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Buildings lost for dams (e.g. church towers)

*****The spectacular failures and successes of massive dams. Image copyright Getty Images Not far from Cairo stood a remarkable dam, the Sadd el-Kafara, more than 100m long, and 14m high, and able to store about half a million cubic metres of water.

*****The spectacular failures and successes of massive dams

These statistics are modest, by modern standards - but the Sadd el-Kafara is not a modern dam. It was built nearly 5,000 years ago. And it was a spectacular failure: archaeologists believe the dam burst almost immediately. Image copyright Jean-Luc Frerotte One cannot fault the ancient Egyptians for trying. Water was scarce, and rainfall uneven.

Ancient Egypt isn't the only place to have found itself trying to deal with uneven rainfall. Much of the world's population lives in places where the availability of water is seasonal, or - increasingly - unpredictable. Where such a system is lacking, the effects can be brutal: Kenya lost more than 10 per cent of its economic output to drought in the late 1990s, followed by an even larger economic loss because of flooding. Normally submerged under 4 metres of water, an ancient packhorse bridge is revealed in County Durham as Grassholme Reservoir is drained to allow for maintenance works on the dam wall. @itvtynetees. *****Dams: I used to find this picture - and the whole concept - of a flooded valley quite haunting. Actually, I still do #RonaldLampitt (1966)

Massimo sur Twitter : "The importance of dams and civil engineering in the management of geological risks. Simple mountain spillways can be a very effective measure in reducing the impact of torrential floods [source and full video. Have you seen Birmingham's model of the Elan Valley waterworks, in Cannon Hill Park? CC @mrtimdunn.

Whaley Bridge Dam July 2019

Whaley Bridge dam: RAF Chinook brought in. The #DamUnbusters !! □ Well done #RAF #WhaleyBridge… The biggest dam removal in European History started today. Could this be the beginning of the end of big hydro? @PeterGWeather visited the dam in Normandy for us. Do dams destroy rivers? “Indeed, dams do change the world and its natural environment.

Do dams destroy rivers?

So do cities, roads, airports, chemical industries and agriculture. In general, we can say that people change their environment. The richer they are, the more change they induce. In the course of that, they often destroy species; they also create species, but that is not often measured or mentioned. “The notion that some static measure of biodiversity is good and any change is bad is not substantiated by natural history.

“So the IRN’s latest database is simply that:- a collection of data (of variable quality) with no inherent information about whether what is happening is good or bad. “What we need to take from this debate is the realisation that we now live in an anthropocene world, whose form is increasingly structured and sustained through human decision. “But that WE is not a small group of North American environmentalists and their friends. 12 dams that changed the world. Dams illustrate the brilliance and arrogance of human ingenuity.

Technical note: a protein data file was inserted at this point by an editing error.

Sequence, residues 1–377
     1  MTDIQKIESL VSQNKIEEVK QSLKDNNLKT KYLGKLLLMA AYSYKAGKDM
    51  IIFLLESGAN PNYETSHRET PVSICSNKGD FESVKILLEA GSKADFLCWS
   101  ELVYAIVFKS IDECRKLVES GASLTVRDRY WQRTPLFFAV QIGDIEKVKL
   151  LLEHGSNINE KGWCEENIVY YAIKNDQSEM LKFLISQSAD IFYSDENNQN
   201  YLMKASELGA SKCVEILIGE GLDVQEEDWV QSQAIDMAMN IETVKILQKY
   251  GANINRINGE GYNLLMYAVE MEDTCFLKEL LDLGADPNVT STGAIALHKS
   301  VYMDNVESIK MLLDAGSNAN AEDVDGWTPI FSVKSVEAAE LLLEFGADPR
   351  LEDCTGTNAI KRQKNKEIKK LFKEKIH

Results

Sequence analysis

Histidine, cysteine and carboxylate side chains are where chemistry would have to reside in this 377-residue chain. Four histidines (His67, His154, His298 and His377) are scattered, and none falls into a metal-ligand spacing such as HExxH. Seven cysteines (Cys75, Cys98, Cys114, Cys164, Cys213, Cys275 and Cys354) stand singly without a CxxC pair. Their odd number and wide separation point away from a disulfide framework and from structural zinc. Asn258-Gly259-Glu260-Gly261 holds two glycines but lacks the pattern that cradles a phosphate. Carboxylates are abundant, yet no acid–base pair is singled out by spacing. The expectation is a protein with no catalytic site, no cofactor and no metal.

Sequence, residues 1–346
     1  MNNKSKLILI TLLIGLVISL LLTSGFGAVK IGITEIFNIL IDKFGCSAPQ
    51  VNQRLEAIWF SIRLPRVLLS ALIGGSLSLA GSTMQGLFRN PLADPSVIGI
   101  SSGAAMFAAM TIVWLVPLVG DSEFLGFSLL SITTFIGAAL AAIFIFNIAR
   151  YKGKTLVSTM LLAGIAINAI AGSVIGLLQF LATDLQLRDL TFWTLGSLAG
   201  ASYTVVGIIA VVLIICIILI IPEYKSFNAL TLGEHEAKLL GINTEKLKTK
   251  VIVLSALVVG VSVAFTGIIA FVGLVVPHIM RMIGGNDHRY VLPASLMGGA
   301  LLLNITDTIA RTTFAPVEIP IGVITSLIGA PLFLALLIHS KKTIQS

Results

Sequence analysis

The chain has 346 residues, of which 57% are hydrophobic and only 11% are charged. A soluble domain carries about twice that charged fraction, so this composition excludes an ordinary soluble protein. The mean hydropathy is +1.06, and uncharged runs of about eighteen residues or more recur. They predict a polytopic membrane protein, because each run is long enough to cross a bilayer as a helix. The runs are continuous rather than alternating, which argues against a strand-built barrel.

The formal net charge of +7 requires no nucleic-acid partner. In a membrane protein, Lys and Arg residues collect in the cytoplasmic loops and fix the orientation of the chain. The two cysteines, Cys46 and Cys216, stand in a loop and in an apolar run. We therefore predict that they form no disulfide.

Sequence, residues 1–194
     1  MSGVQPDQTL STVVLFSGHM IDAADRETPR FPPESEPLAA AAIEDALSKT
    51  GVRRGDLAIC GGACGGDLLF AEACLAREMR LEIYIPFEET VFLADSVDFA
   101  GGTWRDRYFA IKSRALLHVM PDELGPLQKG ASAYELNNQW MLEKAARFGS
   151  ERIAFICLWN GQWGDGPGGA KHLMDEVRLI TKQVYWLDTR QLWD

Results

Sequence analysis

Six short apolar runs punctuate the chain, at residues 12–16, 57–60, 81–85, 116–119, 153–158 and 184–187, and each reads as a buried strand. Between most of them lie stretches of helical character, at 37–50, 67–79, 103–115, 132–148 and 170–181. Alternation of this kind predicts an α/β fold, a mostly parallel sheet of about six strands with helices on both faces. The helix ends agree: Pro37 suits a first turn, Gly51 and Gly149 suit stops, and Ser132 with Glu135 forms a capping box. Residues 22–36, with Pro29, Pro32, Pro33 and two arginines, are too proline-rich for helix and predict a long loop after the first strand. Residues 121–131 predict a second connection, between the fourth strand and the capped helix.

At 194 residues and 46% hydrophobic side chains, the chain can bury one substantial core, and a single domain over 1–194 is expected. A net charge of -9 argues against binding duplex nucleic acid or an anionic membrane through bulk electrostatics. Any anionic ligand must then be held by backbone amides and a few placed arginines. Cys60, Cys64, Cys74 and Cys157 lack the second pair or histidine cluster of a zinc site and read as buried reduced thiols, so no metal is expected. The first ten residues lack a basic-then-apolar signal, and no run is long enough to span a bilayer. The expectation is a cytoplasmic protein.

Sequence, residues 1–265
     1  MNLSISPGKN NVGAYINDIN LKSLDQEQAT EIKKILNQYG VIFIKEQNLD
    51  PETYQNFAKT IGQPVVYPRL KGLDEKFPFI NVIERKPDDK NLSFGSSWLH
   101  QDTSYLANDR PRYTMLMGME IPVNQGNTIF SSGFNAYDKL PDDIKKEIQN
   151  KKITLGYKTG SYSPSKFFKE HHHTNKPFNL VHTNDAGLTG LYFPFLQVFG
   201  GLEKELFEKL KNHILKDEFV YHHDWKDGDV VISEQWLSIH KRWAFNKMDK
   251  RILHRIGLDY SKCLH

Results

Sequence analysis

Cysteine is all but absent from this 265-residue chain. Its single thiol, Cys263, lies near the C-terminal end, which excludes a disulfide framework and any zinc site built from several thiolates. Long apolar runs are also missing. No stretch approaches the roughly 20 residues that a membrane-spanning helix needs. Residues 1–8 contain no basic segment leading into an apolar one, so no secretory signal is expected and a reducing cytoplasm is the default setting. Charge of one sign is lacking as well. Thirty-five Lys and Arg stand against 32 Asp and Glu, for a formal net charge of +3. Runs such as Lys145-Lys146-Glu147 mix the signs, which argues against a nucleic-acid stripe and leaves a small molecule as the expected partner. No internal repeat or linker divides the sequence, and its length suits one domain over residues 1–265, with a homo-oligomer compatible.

12 dams that changed the world

They generate one-sixth of the world’s electricity and irrigate one-seventh of our food crops. They have flooded land areas the size of California, displaced a population the size of Germany’s, and turned freshwater into the ecosystem most threatened by species extinction. Dave Petley sur Twitter : "The enormous scale of the tailings dam collapse at #Feijão mine in #Brumadinho, Brazil is now clear. The dam was 87 m high, holding about 13 million cubic metres of #tailings. The failure appears to involve most of the waste:- h.

Dave Petley sur Twitter : "Why we need engineering geomorphology: the complex chain of events that have created a crisis on the Ituango Dam in Colombia (with an astonishing video of break-through flooding):- What future for the international agreement and the Mekong Delta. More Geography news - Leaked report warns Cambodia's biggest dam could 'literally kill' Mekong river. Europe's river life hits a barrier every 1km. And it's our fault. Imagine you’re heading out for a dinner date.

Europe's river life hits a barrier every 1km. And it's our fault

You’re hungry and left enough time to get there and not be late, but when you step outside you find that conditions aren’t quite what you expected — you run into a 30-foot wall every few steps. What would you do? If you’re anything like me, you would probably just give up — stymied, hungry, un-romanced. This is what’s happening for fish and aquatic wildlife in Europe: according to new research, there is a dam or other manmade obstruction blocking the continent’s rivers and streams every kilometer. The researchers figured this out by scraping whatever information they could find online, then went out and confirmed it for a total 1,000 kilometers.

Those researchers are launching an app that will allow people update the status of river and stream barriers as they come across them. But, ultimately, a better database doesn’t help the trapped fish (that is, unless someone does something about it). Look at the Amazon River, for example. 5 February 1852. The Bilberry reservoir in West Yorkshire collapsed, causing flooding and killing 81 people…